Abstract T MP80: Comparison of ICD-9-CM and Clinical Diagnoses for Stroke Patients in the Paul Coverdell National Acute Stroke Registry, 2013
Background: Few large studies have examined the comparison of ICD-9-CM codes and clinical diagnoses (CDX) for acute stroke patients. We analyzed the concordance between these two coding systems for patients entered in the Paul Coverdell National Acute Stroke Registry (PCNASR). We hypothesized that discordance between patient-level ICD-9-CM codes and clinical diagnoses will result in differences in outcomes on stroke performance measures (PMs).
Methods: Eleven states submitted 90,035 records between Jan 1 and Dec 31, 2013. In-hospital strokes and records with multiple or missing CDXs were excluded from the analysis, resulting in a final sample size of 85,024. Clinical diagnoses were defined as: ischemic stroke (IS), transient ischemic attack (TIA), subarachnoid hemorrhagic stroke (SAH), intracerebral hemorrhagic stroke (ICH), stroke not specified (SNS), admission for carotid intervention only (CI), and other. Data was analyzed by comparing the documented principal ICD-9-CM code and final CDX of each patient. Any discordance between ICD-9-CM codes and CDX was analyzed further by examining its effect on outcomes of ten stroke performance measures (PMs) collected by PCNASR.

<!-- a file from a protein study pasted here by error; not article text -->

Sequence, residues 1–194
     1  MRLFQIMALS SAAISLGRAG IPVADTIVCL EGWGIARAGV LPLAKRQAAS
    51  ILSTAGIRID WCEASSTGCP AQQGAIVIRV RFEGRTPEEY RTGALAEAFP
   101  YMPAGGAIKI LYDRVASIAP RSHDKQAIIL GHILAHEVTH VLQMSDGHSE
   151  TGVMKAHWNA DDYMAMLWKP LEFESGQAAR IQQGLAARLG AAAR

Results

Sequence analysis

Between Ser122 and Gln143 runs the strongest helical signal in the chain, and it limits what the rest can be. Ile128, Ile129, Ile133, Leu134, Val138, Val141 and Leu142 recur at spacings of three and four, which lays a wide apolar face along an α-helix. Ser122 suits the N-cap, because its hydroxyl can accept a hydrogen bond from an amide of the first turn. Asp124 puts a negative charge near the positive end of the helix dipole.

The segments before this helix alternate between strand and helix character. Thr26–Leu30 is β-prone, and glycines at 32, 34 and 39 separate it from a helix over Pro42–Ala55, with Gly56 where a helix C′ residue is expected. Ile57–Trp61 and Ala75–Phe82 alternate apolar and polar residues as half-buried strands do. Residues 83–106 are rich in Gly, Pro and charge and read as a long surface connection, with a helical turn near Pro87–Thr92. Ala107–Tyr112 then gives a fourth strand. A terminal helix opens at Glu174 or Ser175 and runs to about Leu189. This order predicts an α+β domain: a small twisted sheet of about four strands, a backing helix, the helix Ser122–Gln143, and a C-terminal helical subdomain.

Results: The agreement rate between ICD-9-CM codes and clinical diagnoses differs by stroke type (94.1% (IS) to 1.6% (SNS)) (Table 1). Discordance in diagnosis led to differences in outcomes on stroke PMs (range: difference of 0.1-1.03 percentage points; p-value < 0.05 for 5 measures), with 8 out of the 10 PMs having improved performance when ICD-9-CM codes are used (data not shown). Using only cases where the CDX is the same as the ICD-9-CM results in even higher adherence to PMs.
Conclusion: In conclusion, due to discrepancies between ICD-9-CM codes and clinical diagnoses, outcomes on stroke PMs can vary significantly, depending on the diagnosis method used.
Author Disclosures: T.E. Chang: None. M.G. George: None.
- © 2015 by American Heart Association, Inc.